The Golden Lucy
13.9 x 9.7 cm vignetted
Dickens's Christmas Stories, Vol. 16 of Charles Dickens Library Edition, facing page 96.
Although Furniss has chosen one of the 1856 Christmas number's lighter moments, The Wreck of 'The Golden Mary', Being the Captain's Account of the Loss of the Ship, and the Mate's Account of the Great Deliverance of her People in an Open Boat at Sea, as Dickens's lengthy title suggests, the frame story is anything but comic — in fact, the golden-haired child in Furniss's picture dies. [Commentary continued below.]
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Of my passengers, I need only particularise, just at present, a bright-eyed blooming young wife who was going out to join her husband in California, taking with her their only child, a little girl of three years old, whom he had never seen; a sedate young woman in black, some five years older (about thirty as I should say), who was going out to join a brother; and an old gentleman, a good deal like a hawk if his eyes had been better and not so red, who was always talking, morning, noon, and night, about the gold discovery. But, whether he was making the voyage, thinking his old arms could dig for gold, or whether his speculation was to buy it, or to barter for it, or to cheat for it, or to snatch it anyhow from other people, was his secret. He kept his secret.
These three and the child were the soonest well. The child was a most engaging child, to be sure, and very fond of me: though I am bound to admit that John Steadiman and I were borne on her pretty little books in reverse order, and that he was captain there, and I was mate. It was beautiful to watch her with John, and it was beautiful to watch John with her. Few would have thought it possible, to see John playing at bo-peep round the mast, that he was the man who had caught up an iron bar and struck a Malay and a Maltese dead, as they were gliding with their knives down the cabin stair aboard the barque Old England, when the captain lay ill in his cot, off Saugar Point. But he was; and give him his back against a bulwark, he would have done the same by half a dozen of them. The name of the young mother was Mrs. Atherfield, the name of the young lady in black was Miss Coleshaw, and the name of the old gentleman was Mr. Rarx.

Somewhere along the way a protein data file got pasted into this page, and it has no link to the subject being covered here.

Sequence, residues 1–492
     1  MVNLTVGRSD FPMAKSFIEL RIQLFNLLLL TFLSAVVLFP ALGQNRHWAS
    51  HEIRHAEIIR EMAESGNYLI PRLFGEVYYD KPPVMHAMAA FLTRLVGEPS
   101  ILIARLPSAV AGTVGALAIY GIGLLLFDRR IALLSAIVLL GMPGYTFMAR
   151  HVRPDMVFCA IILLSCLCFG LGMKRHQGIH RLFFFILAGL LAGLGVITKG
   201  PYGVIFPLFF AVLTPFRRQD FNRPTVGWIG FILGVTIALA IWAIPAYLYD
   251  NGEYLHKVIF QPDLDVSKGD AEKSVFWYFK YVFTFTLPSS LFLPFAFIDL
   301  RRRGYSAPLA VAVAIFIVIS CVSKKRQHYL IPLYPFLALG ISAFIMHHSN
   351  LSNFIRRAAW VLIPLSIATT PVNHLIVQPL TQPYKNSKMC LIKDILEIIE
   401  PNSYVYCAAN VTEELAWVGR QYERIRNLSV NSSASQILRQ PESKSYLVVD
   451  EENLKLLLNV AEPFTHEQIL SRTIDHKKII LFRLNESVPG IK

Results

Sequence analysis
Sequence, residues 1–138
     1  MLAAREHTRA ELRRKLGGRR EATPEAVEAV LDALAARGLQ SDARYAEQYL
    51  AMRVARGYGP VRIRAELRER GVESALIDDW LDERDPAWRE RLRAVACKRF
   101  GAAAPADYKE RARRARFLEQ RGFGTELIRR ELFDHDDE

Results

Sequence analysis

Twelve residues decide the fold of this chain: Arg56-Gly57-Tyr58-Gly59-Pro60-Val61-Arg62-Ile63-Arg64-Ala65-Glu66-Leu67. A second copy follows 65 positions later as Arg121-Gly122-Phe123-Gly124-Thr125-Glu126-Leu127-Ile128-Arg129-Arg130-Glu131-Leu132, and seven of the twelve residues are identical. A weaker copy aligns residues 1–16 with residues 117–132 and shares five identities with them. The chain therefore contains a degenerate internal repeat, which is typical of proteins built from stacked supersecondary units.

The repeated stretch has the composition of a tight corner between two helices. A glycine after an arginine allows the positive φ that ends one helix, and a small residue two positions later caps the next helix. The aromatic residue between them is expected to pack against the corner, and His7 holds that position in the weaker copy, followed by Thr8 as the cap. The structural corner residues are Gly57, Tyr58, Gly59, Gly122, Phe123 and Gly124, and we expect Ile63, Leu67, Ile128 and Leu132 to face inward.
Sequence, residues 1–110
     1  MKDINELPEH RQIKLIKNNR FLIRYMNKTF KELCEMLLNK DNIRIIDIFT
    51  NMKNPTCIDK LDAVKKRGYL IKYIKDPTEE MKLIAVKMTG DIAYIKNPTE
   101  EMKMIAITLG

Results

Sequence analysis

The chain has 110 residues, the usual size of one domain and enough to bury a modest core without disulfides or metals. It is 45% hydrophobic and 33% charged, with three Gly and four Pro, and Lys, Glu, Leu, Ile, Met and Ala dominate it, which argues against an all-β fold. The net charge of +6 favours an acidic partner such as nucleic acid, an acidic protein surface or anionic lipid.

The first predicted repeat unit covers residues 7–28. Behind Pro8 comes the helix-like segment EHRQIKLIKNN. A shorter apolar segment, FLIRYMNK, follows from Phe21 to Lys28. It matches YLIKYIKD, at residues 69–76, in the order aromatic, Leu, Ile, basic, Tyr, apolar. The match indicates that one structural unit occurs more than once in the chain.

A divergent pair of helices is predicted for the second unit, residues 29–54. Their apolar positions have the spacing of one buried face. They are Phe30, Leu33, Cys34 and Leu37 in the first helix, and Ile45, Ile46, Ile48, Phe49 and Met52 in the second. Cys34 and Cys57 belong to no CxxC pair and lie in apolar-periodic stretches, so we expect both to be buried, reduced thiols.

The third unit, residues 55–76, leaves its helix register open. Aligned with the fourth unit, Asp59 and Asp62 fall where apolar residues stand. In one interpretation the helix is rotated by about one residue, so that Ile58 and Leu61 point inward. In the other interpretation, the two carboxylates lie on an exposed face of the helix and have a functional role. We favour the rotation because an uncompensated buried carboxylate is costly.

As the child had a quantity of shining fair hair, clustering in curls all about her face, and as her name was Lucy, Steadiman gave her the name of the Golden Lucy. So, we had the Golden Lucy and the Golden Mary; and John kept up the idea to that extent as he and the child went playing about the decks, that I believe she used to think the ship was alive somehow — a sister or companion, going to the same place as herself. [Chapter 1, "The Wreck," pages 93-94]
Relevant Illustrated Library Edition (1868) and Household Edition (1877) Illustrations
Left : E. G. Dalziel's "The Wreck of the 'Golden Mary'". Right: Edward Dalziel's 1877 illustration "My dear Captain Ravender," says he. "Of all men on earth, I wanted to see you most. I was on my way to you." [Click on images to enlarge them.]
The artist for the Illustrated Library Edition, E. G. Dalziel, chose a moment more consonant with the temper of the opening chapter, the only part that Dickens himself wrote. Charles Dickens, in the throes of writing the nineteen-month serial novel Little Dorrit and readying the melodrama The Frozen Deep for production in his Tavistock House home theatre, was more than usually busy in the autumn of 1856, the time of the year when he customarily created his annual Christmas story for his weekly journal, for whereas the culmination of his autumn activities was usually the "Extra Christmas" number, here it would be a play upon which he had been collaborating with Collins and in which he would star as the self-sacrificing Richard Wardour:
Dickens's current preoccupations were many: he was more than half-way through writing Little Dorrit, running Household Words (whose new year's volume was due out the next day [i. e., 3 January 1857], featuring the first number of Wilkie Collins's The Dead Secret), overseeing building works at his newly-acquired house at Gad's Hill, dealing with the management of the drainage and gas supply to Miss Coutts's refuge for homeless women at Urania Cottage in West London, and rehearsing and overseeing the preparations — costumes, props, sets, music, invitations and seating arrangements for the many guests clamoring to attend — for his production of The Frozen Deep at Tavistock House, just poised for its dress-rehearsal [on 5 January 1857]. [Richardson, 183-184]